Today, it’s easier than ever to take and share photos: our society is more and more obsessed with instant images. We don’t have time for a thousand words, but we have time for a picture.
Does always having access to a camera necessarily need we always need to be taking pictures? Our constant snapping takes us out of the moment, another symptom of our being more concerned with our constructed online lives and social network personalities than our real-life relationships and authentic experiences.
I often watch other people as they watch the world behind a viewfinder: taking a video out the window of a bus ride, stopping to take a photo before taking a bite, posing on the slopes instead of actually skiing on the ski resorts in France. Are you really going to go home and watch a video of a bus ride next to the beach or the ride down the slopes—no matter how gorgeous the views were, how interesting the people watching was, how well you navigated the mountain? It seems to be less and less about the activity or the moment or the value of it for yourself, and more about sharing, bragging, saving. Even if you want to remember the perfect weather, the gorgeous vistas, the crazy snowboard trick that you learned–what value is that adding? I watch as people take their cameras into museums, churches, memorials; they click and pose, instead of watching and wondering, taking it in and being inspired.
I’m guilty of it, too: do I need to Instagram the moment before a yoga class, when I should simply be clearing my mind and calming my body? Absolutely not. I was nicknamed “Paparazzi” in college for constantly taking photos at parties; the constant reel of photos of me and a friend was called “The Megan and Christine Show.” Friends who travel with me get used to walking along to find me suddenly gone: a look back and they see I’ve stopped to take a picture of graffiti, a flower, a roof.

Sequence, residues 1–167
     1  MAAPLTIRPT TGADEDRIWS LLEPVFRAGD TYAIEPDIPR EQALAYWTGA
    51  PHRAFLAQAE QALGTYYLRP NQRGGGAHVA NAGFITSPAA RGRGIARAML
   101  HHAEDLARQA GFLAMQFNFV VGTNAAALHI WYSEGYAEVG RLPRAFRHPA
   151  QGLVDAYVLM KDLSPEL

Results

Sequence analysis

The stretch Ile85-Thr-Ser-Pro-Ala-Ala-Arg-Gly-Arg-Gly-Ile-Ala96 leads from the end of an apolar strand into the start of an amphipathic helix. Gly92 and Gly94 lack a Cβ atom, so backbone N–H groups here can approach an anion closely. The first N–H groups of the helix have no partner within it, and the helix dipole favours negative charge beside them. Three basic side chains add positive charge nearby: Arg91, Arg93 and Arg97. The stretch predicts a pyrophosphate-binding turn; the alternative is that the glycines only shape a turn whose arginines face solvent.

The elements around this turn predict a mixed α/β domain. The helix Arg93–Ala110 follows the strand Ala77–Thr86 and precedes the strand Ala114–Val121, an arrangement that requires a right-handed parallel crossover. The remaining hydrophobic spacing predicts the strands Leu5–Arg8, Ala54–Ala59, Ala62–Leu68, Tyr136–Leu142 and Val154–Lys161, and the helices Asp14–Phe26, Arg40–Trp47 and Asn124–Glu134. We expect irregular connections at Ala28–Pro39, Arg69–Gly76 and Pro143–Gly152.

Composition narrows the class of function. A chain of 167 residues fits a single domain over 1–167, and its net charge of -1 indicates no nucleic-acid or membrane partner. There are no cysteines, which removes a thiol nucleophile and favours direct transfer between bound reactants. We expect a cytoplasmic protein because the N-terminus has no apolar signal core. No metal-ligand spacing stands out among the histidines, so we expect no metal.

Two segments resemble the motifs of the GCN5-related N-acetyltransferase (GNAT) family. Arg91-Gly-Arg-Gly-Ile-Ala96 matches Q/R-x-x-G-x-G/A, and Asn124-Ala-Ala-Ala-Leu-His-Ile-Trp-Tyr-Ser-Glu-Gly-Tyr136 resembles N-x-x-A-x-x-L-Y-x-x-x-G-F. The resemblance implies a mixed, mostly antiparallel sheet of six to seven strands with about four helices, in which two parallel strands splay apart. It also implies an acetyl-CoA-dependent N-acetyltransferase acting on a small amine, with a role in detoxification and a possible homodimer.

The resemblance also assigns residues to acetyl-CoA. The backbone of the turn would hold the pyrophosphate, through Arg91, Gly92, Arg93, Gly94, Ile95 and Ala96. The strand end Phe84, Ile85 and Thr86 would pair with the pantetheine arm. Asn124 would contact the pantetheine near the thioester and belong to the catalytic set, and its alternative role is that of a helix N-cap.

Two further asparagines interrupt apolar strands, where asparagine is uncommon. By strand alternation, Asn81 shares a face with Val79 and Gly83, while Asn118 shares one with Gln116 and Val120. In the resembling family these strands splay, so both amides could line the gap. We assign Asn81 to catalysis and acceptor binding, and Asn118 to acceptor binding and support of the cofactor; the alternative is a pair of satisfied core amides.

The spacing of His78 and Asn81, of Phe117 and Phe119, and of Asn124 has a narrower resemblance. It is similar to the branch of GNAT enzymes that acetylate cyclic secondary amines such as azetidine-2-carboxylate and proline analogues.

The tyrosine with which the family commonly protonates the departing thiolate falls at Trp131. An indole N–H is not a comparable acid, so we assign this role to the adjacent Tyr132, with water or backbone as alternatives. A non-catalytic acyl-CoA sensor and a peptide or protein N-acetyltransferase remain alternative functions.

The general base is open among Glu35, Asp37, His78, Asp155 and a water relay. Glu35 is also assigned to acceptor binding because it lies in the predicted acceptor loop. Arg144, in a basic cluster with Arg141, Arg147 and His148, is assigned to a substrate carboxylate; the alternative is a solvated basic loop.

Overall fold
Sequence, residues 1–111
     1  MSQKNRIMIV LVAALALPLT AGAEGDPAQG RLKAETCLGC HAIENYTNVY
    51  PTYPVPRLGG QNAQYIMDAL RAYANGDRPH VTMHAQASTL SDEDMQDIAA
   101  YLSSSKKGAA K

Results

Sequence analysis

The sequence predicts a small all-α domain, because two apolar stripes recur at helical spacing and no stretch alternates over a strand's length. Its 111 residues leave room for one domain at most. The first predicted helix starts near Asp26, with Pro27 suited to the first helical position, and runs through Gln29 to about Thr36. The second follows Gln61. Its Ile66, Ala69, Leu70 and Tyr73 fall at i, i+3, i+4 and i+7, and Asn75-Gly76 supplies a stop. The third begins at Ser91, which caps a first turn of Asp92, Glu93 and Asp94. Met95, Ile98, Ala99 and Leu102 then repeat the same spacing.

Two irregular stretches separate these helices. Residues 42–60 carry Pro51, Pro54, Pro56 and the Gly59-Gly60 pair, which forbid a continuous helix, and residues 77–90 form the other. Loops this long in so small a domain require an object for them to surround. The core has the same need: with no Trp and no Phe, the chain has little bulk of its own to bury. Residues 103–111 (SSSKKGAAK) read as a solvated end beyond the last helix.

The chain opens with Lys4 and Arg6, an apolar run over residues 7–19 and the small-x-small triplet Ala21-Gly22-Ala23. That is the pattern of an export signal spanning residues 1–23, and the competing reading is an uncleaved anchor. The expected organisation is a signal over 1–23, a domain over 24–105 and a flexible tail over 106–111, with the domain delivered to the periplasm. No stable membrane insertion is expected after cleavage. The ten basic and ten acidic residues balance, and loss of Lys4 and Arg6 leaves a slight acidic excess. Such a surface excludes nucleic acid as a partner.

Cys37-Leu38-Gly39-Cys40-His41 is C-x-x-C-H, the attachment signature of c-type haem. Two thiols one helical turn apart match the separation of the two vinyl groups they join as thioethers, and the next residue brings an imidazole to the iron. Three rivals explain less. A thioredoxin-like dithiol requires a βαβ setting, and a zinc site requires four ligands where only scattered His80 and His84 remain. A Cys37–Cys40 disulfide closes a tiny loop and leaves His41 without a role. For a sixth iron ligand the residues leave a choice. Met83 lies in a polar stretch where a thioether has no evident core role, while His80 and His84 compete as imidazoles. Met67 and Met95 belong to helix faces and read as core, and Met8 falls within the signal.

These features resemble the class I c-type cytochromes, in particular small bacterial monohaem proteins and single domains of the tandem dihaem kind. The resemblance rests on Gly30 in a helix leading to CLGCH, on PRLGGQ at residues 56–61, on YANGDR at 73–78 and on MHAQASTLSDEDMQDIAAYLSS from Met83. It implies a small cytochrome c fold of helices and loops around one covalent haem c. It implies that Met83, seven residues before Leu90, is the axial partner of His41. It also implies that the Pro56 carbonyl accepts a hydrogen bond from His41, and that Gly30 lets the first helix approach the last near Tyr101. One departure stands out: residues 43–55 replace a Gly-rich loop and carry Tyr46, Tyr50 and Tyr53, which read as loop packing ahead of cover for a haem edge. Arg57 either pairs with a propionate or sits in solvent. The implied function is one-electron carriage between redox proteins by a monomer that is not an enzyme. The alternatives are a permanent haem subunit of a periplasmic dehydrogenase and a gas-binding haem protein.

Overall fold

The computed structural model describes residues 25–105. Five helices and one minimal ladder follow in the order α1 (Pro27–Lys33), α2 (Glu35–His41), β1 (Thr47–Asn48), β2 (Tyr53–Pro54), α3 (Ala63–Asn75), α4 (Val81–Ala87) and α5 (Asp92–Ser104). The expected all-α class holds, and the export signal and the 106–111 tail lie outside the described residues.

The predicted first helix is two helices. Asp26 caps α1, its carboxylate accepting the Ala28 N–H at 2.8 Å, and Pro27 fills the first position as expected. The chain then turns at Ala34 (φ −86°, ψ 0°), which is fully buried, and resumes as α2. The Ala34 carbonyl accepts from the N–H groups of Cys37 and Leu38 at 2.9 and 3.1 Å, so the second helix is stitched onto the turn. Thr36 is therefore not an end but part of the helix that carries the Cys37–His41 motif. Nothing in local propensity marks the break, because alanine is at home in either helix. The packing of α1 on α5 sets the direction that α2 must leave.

But, sometimes, it’s a respect issue. When I see a sign that says no photos—I won’t take a photo. When I’m in the middle of a reverent crowd, I won’t take a photo. When I’m in a beautiful, silent, wonderous place: I’ll stop, take a deep breath and enjoy the moment. But often, I won’t take a photo.
My extensive collection of photos is a priceless collection of memories, often times a reminder of little moments or places I may have forgotten: a piece of a street art down an alleyway, a laugh over an inside joke. My external hard drive is one of my most valued items, something that honestly couldn’t be replaced.
But often, it’s the times that I didn’t have the minute to reach for a camera that I remember the most. A butterfly landing on my foot as I soaked up the sunshine on the rocks in Cassis when I was 16. Drinking watermelon cocktails and watching the sun set in Florence with my friends. Nights out in college when we ditched the camera for shots and dance floors. Sunrise runs along St Kilda Beach, laughing and chatting the whole way. A getting-to-know-you Sunday session in a sunny Bondi beer garden with seemingly endless rounds of Coronas.
I still love wandering a new neighborhood with my camera, searching for street art and stolen glances. I feel practically naked when I go out without my iPhone, certain that I’ll miss something photo-worthy if I don’t have anything to take a photo with—but sometimes that act of stripping bare is exactly what I need to get back in touch with surroundings, to see and feel what I’ve been missing behind a viewfinder.